Hartford, New England's Rising Star, needs to shine more brightly.
The Connecticut Convention Center is now open, the Hilton Hotel
has been transformed with a $30 million interior face lift, the new
Marriott will open within weeks, and almost 1,000 new apartments
or condos are occupied or under construction. The Science Center
will break ground later this year and other developments are moving
All of this development means thousands of new visitors and residents
coming into downtown Hartford. As should go without saying, these
people need to feel safe walking the streets at night.
For that to happen, downtown needs better lighting. Now, major sections
of downtown are dark or shadowy. This doesn't encourage pedestrian
activity, and it detracts from the splendor of many downtown buildings.
State Street, Central Row, and
State House Square will be a gateway between the convention center
and the rest of downtown. I walked it on two recent nights, and
it was very poorly lit. Decorative streetlights in the area were
not even turned on. If it were not for the façade
lights on the Old State House, which turn off by midnight and light
just two sides of the building, the whole area would be dark.
Main Street from Capitol Avenue to Asylum Street is well-lit for
automobiles, but the street lights don't continuously illuminate
the sidewalks, which creates dark spots and shadows between light
fixtures. A bright light shines on Alexander Calder's Stegosaurus
in Burr Mall, between City Hall and the Wadsworth Atheneum, but the
remainder of the mall is dark.
Visitors leaving the Morgan Street garage confront areas of shadows
if they walk up Morgan Street to Main Street, or if they walk along
Market Street toward State Street.
People who come downtown by bus
or train are also in the dark. Walk out of Union Station and the
street and parking lots are cast in shadows. The corner of Spruce
and Church street is in total darkness. On the Union Place side,
there isn't a single light on the façade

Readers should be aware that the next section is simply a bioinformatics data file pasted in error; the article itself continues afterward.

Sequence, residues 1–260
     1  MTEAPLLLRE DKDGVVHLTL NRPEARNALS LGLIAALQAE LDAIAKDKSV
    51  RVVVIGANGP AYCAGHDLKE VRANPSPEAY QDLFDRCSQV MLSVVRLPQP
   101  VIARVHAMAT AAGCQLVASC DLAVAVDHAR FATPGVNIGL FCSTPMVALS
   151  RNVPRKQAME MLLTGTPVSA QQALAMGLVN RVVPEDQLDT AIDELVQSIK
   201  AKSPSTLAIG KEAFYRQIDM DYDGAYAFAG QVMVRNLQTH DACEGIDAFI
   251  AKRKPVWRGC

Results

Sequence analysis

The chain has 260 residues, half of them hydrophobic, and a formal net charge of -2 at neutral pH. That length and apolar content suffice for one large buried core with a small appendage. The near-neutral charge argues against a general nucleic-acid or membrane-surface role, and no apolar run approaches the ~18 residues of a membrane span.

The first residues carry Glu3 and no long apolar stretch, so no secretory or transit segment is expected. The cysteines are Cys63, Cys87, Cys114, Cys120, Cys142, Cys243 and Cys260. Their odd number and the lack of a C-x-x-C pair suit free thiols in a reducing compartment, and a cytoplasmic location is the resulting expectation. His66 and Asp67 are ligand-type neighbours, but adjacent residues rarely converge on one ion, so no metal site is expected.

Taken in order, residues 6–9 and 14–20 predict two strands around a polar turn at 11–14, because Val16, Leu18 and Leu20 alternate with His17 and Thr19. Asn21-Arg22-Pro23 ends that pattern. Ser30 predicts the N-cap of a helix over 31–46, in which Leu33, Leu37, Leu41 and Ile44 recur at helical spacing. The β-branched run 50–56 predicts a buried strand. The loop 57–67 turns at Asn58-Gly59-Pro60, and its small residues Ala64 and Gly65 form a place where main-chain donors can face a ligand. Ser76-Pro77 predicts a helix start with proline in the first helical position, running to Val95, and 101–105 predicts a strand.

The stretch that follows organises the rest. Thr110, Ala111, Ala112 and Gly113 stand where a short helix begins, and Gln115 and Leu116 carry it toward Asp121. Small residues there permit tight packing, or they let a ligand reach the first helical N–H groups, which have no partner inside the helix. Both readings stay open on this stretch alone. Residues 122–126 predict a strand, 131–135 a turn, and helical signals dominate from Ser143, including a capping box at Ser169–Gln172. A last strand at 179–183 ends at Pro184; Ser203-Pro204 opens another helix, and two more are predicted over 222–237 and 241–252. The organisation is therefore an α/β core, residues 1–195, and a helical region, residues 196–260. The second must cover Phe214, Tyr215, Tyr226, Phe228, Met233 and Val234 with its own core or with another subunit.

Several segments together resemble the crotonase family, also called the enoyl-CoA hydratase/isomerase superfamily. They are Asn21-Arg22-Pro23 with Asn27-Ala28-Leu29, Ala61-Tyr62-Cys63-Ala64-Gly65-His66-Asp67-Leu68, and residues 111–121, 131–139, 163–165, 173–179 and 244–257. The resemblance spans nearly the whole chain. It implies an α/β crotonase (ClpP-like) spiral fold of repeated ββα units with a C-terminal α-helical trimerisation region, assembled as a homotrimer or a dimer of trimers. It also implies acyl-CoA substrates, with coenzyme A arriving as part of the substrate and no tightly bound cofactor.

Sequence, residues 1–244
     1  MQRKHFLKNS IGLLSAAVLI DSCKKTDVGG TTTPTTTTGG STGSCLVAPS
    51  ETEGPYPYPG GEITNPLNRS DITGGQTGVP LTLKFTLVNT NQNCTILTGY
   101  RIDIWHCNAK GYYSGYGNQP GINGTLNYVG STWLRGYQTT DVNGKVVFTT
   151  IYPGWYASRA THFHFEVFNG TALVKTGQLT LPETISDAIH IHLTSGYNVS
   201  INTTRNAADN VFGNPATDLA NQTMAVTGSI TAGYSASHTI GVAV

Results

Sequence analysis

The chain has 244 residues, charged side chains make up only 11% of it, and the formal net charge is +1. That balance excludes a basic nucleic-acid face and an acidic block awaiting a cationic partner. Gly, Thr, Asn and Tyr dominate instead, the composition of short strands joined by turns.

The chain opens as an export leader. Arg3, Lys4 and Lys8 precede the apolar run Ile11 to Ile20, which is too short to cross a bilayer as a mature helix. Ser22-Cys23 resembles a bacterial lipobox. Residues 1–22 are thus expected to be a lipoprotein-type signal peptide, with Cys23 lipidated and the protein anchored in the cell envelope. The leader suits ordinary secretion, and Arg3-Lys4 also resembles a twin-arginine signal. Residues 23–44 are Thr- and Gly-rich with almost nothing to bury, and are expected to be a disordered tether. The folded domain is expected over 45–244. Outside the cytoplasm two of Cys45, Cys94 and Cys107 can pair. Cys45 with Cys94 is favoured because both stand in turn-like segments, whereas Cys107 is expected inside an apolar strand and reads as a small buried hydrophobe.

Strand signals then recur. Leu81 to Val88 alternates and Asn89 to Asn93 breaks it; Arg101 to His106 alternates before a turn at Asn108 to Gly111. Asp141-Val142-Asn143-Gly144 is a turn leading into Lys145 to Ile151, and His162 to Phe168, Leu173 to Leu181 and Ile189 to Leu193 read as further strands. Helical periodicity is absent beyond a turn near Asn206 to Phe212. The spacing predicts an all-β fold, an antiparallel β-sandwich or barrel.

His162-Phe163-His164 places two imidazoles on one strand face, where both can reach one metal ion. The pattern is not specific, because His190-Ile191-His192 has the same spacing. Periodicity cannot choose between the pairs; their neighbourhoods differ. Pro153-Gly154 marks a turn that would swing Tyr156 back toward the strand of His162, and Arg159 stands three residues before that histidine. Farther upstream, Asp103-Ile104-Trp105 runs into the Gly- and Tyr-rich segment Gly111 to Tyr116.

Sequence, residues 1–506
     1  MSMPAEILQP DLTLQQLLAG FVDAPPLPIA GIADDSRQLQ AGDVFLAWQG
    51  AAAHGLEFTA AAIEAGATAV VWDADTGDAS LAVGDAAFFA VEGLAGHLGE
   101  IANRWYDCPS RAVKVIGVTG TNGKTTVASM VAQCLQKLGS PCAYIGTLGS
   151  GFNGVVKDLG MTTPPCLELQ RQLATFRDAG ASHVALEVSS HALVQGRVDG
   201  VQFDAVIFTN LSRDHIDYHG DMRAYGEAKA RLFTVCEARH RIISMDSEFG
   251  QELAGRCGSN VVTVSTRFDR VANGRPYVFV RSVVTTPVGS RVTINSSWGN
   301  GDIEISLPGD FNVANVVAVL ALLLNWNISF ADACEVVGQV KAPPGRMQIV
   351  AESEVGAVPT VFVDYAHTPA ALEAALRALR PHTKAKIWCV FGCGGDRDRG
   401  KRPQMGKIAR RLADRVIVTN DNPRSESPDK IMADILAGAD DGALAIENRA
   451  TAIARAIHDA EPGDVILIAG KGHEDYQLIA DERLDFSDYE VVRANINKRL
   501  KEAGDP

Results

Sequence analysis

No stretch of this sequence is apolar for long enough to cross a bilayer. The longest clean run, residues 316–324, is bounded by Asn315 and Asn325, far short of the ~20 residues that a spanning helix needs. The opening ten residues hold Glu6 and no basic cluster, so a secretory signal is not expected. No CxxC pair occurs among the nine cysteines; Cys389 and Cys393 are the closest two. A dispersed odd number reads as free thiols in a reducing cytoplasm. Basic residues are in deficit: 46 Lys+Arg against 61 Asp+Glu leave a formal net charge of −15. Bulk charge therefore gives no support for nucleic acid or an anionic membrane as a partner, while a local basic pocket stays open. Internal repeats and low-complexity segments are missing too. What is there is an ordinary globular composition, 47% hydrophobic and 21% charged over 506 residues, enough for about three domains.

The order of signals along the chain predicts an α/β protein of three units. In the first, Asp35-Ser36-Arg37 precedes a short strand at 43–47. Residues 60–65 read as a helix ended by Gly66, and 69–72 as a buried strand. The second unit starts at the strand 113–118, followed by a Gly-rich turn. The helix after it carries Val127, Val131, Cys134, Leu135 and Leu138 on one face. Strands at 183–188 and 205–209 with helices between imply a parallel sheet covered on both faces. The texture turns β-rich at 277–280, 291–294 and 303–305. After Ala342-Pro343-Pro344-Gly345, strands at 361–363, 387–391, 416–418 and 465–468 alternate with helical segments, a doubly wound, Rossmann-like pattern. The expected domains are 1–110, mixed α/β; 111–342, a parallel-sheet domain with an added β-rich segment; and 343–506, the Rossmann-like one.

of the beautiful historic brownstone station building.
Other areas are similarly shadowed. Along Church Allen Street and
High streets, and at the corner of Asylum and Ford, and there are
large parking lots with no lighting that create large open fields
of darkness. Trumbull Street between the Hilton and Main Street is
dark, making the walk to the parking lots north of the highway uninviting.
Even the parking lot for 55 On the Park, the former SNET building
that is now apartments, is designed with no lighting.
Across the street, Bushnell Park, a beautiful park that could offer
a romantic stroll or short walk to the Bushnell Theater, is poorly
lit and uninviting. Yes, the walkways in the park are lined with
lights, but they are so sparse that when standing at one end of the
walkway it's difficult to see through to the other end.
Lighting plays a major role in people's perception of safety. A
well-lit street feels alive and safe, while a poorly lit street cast
in shadows and spots of darkness feels abandoned and threatening.
Lack of lighting creates an environment that is more conducive to
crime then a well-lit area. Poor lighting can no longer be acceptable
in downtown Hartford.
The city needs to study the lighting patterns in public spaces downtown
and develop a plan to improve it. Property owners, including the
owners of parking lots, need to be part of the solution.
Office buildings can add new lights. Owners of the many beautiful
historic buildings that exist throughout downtown should consider
up-lighting the front facades of their buildings, both accentuating
the historic architecture and providing additional lighting, as has
been done at the former G. Fox building, 960 Main St. and the Old
State House. The lighting should stay on late enough to allow for
a safe walk after the restaurants and bars close.
Lighting needs to be designed to accommodate pedestrians, not just
automobiles. That means that illumination from light fixtures needs
to overlap to avoid creating shadows and dark spots between fixtures.
If we want the future of downtown to be bright, it's time we turned
on the lights.
Donald Poland is the executive director for the Neighborhoods of
Hartford Inc., and vice president of the Connecticut Chapter of the
American Planning Association.
Reprinted with permission of the Hartford Courant.
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